Tag Archives: Emotion

Module 1 Weblog – Susan Beeley

I am still working towards selecting a particular area of interest for my research but two seem likely.  The first is based on my recent experience teaching in an alternative learning center.  I work with at-risk youth and a disproportionately large number of our students (45%, far greater than the % of students throughout the district) are identified by the school district as having Aboriginal ancestry.  We spend a lot of our time making social and emotional connections with the students and follow many of Dr. Martin Brokenleg’s Circle of Courage teachings.  These teachings apply to all at-risk youth as many of them, Aboriginal or otherwise, feel a great disconnect with the community around them and this has, in many ways, contributed to their educational and life struggles.  The second possible theme of interest to me is based on 16 years experience teaching science and math based on curriculum that very much views aboriginal content as an add-on (something that became very obvious to me while marking the solar system module in a grade 8 science workbook last week).  While the new BC Curriculum offers hope for improvement by allowing a more constructivist approach to teaching and learning teachers still need to reflect upon and embrace change if it is to be successful.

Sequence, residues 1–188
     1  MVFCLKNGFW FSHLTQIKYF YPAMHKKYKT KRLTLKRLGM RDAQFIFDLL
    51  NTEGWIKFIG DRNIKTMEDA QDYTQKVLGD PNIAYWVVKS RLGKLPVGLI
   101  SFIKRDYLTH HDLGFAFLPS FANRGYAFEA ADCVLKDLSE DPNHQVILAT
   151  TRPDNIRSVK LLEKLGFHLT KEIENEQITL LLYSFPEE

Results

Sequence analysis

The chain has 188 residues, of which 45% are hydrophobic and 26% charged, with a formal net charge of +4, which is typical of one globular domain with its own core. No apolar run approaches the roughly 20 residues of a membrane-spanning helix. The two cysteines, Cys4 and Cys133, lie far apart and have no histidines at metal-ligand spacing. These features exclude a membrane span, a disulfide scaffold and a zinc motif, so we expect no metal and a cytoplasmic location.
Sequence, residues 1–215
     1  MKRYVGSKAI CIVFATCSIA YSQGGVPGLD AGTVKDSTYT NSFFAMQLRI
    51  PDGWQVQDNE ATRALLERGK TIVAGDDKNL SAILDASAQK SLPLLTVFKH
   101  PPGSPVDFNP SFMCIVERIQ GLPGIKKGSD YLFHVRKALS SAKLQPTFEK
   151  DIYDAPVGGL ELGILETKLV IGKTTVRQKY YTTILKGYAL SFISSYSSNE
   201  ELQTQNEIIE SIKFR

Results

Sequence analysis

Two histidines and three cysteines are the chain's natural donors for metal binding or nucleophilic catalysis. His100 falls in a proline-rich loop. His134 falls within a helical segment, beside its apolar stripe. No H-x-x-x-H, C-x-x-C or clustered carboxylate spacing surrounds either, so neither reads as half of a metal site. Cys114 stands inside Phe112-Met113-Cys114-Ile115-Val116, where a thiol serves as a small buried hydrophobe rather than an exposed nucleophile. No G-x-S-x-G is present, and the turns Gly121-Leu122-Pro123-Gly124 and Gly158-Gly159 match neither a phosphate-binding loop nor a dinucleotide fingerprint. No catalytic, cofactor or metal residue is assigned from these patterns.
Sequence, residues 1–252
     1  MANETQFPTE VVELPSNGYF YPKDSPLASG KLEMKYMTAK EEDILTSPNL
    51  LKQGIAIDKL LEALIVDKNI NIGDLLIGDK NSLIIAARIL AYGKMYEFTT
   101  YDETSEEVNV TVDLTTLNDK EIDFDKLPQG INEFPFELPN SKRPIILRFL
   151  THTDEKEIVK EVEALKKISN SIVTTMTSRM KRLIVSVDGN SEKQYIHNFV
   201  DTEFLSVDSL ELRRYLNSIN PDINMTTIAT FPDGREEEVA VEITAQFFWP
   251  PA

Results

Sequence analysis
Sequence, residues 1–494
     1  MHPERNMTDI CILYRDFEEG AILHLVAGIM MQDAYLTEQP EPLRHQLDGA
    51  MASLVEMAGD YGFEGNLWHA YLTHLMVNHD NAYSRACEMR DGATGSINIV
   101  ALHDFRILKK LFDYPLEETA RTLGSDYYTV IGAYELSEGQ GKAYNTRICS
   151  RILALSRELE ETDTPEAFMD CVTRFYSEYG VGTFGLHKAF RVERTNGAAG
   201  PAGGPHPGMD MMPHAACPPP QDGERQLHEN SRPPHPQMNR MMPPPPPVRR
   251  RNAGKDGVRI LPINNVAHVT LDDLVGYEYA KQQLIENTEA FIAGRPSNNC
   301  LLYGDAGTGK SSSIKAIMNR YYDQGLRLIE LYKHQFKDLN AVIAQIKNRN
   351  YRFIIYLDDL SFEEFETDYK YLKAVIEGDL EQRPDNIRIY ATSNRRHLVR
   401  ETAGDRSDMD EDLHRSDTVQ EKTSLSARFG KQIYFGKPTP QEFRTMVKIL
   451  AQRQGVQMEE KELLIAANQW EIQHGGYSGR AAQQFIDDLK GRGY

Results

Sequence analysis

Journal Article: Native Wisdom on Belonging by Dr. Martin Brokenleg

  • This link will take you to a PDF file that outlines the key developmental needs of children as presented in the Circle of Courage: Mastery, Belonging, Generosity and Independence.  These needs are compared to the value system set up by Western cultures and the importance of each is outlined.  This is a great starting point for those interested in adhering to the philosophy “it takes a village to raise a child” and developing this culture in their classroom.  A beautiful poster and summary can also be found by clicking the link.

Website:  Martin Brokenleg

  • This website contains information about cultural healing and resilience.  It is a great place to start for those looking for an understanding of the issues faced by Aboriginal populations and the role that educators can play in helping to overcome some of these issues.  The website has links to articles, power points from presentation, and Dr. Brokenleg’s summarised thoughts on different topics of interest.